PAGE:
On our farm, we’ve always found great older tractors with a lot of years left in them. We haven’t needed to upgrade, but we do need to add a ROPS to one of them. Even though it’s only used on the flat field, my husband does see that in soft ground by the stream it could tip over. Through the NY State funded rebate program, we’re hoping to get a ROPS soon.
From the NYCMAH surveillance of non-fatal farming incidents, most of the injuries come from tractor/machinery accidents and animal interactions. In a New York ten county study of non-fatal injuries between 2007 and 2009, hospital records showed that of the 4,004 farm related incidents, 22% were related to agricultural machinery, 18% animals, and 15% falls.
But when you look through the details of all these injuries, there are no clear patterns. The injuries cannot necessarily be prevented through engineering. The incidents were unique to a situation and the pattern seems to be about farmer behavior and risk taking. There is a safety pyramid illustrating the ratio of serious accidents and near misses. For each death on the job, there are 30 lost work cases, 300 injuries, 3,000 near misses and 300,000 at-risk behaviors. Imagine the number of chances you take on your farm everyday and you can imagine how close you are to becoming the death statistic.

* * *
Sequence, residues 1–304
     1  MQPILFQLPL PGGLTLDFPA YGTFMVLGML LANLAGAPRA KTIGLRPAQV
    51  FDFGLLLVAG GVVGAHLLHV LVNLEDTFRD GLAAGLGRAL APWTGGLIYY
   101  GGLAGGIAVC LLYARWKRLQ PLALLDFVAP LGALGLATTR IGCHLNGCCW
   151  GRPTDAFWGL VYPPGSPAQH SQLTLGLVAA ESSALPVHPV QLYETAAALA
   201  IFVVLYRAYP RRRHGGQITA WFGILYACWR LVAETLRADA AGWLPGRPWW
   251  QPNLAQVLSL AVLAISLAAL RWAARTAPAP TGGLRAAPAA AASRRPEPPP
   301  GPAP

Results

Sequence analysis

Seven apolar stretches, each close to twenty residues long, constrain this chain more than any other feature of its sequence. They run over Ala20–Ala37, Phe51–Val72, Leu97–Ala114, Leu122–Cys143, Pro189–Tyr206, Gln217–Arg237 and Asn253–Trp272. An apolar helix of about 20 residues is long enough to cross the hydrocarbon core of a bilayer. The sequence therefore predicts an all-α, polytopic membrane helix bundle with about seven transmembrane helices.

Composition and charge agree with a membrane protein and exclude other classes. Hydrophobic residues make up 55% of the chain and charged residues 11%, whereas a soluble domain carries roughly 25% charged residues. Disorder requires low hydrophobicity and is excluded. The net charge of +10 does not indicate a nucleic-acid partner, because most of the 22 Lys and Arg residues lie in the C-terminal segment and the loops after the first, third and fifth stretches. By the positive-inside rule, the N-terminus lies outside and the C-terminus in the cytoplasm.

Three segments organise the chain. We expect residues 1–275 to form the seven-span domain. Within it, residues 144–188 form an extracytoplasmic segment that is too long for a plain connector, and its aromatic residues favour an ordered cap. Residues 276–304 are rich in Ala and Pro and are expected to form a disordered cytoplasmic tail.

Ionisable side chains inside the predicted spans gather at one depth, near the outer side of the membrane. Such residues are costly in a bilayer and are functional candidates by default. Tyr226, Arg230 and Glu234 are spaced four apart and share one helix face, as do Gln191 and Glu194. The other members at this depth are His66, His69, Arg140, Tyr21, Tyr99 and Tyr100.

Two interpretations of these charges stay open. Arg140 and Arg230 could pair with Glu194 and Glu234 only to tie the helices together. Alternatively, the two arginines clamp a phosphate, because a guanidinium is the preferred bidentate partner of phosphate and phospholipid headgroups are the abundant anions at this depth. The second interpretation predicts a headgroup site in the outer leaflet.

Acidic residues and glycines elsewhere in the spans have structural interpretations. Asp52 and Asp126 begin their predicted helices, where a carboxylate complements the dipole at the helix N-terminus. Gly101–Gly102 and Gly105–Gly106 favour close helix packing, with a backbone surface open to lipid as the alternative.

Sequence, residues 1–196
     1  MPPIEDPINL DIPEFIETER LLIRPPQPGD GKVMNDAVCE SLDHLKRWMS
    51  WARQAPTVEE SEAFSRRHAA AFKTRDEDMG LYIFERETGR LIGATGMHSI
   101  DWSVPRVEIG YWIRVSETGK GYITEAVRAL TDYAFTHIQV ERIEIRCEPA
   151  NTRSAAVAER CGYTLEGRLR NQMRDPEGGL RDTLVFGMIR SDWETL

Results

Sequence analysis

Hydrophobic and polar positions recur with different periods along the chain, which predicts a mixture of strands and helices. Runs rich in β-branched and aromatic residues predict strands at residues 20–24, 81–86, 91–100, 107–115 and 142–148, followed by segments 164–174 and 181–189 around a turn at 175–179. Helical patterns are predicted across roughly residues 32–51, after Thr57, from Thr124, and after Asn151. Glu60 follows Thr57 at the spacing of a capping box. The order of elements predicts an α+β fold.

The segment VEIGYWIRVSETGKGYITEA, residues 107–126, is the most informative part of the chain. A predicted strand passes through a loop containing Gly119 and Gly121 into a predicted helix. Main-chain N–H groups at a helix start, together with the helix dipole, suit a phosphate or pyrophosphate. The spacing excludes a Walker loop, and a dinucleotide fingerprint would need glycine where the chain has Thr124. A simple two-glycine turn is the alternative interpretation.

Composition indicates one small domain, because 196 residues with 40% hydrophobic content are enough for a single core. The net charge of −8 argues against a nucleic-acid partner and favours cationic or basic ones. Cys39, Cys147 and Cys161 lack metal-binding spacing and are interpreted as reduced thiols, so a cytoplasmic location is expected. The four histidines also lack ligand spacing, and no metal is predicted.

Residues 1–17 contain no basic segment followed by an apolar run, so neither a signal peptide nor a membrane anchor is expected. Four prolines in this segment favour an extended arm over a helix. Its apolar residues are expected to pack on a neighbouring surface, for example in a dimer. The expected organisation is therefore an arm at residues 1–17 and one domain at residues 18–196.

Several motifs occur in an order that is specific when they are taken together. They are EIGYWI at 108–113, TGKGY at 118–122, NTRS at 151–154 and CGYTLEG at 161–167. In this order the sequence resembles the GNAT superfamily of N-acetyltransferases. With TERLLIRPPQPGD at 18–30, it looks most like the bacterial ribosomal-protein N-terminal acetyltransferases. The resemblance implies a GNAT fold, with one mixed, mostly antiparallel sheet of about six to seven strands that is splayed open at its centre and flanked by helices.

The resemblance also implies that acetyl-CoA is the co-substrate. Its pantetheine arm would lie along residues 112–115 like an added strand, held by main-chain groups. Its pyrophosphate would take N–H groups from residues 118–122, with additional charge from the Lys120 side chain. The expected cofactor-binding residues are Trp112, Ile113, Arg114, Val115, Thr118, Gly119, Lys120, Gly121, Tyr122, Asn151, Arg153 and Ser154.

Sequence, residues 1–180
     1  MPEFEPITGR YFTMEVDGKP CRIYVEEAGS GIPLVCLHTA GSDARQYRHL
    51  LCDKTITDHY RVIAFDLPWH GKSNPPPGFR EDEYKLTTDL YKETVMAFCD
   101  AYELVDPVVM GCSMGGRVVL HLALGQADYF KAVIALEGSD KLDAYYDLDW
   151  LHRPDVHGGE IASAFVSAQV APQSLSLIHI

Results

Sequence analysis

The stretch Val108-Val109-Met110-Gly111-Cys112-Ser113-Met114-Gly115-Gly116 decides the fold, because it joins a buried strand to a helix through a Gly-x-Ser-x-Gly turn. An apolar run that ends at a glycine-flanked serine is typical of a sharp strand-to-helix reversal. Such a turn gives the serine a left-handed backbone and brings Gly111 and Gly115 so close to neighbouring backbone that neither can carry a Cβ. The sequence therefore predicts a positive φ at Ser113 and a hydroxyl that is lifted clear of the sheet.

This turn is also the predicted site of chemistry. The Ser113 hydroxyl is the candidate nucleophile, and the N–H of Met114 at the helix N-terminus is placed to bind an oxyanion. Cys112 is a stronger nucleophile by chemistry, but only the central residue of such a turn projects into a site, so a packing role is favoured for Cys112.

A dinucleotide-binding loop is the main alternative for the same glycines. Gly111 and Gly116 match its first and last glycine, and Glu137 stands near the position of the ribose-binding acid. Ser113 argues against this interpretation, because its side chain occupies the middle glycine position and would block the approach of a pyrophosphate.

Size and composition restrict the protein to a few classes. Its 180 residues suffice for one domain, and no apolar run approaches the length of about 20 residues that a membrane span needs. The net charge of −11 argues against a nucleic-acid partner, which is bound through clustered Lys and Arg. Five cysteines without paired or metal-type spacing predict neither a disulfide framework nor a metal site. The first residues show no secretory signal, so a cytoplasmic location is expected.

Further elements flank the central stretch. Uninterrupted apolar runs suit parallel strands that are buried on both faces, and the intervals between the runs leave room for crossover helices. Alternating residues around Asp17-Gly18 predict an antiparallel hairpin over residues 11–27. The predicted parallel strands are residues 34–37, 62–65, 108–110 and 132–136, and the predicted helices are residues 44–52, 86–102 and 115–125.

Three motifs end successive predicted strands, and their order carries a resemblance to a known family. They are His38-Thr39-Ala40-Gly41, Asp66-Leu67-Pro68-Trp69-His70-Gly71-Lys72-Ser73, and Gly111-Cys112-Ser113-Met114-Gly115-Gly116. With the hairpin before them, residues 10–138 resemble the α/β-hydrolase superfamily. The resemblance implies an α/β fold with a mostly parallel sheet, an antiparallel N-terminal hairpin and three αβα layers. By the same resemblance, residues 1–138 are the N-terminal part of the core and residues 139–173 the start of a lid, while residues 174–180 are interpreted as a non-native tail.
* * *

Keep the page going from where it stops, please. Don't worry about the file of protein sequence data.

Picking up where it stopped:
As farmers shared their close call stories in our community, they usually included the comments “I was in a hurry”, “I had to finish before the rain”, “I was being stupid”, “I didn’t have time to fix it right”, or “I always just did it that way”. When there is a serious accident, everyone reflects back and tries to change their bad habits. Never be in such a hurry that you start the tractor while standing next to it (so tempting but your foot or life is worth more than the extra time). Don’t go jumping over the PTO while it’s running (that stray shoe lace could pull your leg right in). Put the machine guard back on after working on it (even if you don’t seem to have the extra ½ an hour).
For farmers who want to improve the safety on their farm, NYCAMH offers a wide variety of services from clinical health screening to worker safety trainings to social service support. There are specific programs for Dairy farms, migrant workers, ROPS rebate funding, logging safety, personal protective equipment and youth education.
NYCAMH receives funding through many different government sources. The New York State Department of Labor supports our outreach and worker training program. NYCAMH is a NYS Occupational Health Clinic specializing in agriculture, offering a Farm Health Clinic and on-farm screening services. And the US CDC National Institute of Occupational Safety and Health (NIOSH) fund our Northeast Center for Agriculture, Forestry and Fishing Safety and Health Research efforts.
Now that we have a better eye for finding the hazards, we’ve replaced the PTO shield on our mower, looked into how to fix the rollover bar on the Kubota, fixed up some of the barn wiring and changed where we store the fuel containers. I may still worry about my husband when he’s out working under so many adverse conditions, but I’m worrying a little less as we are both more conscious about being safer on our farm.
Marybeth Vargha works at the New York Center for Agricultural Medicine and Health in Cooperstown, NY and works together with her husband on their family farm, Big Sky Farm. She can be reached at (607)547-6023 and email@example.com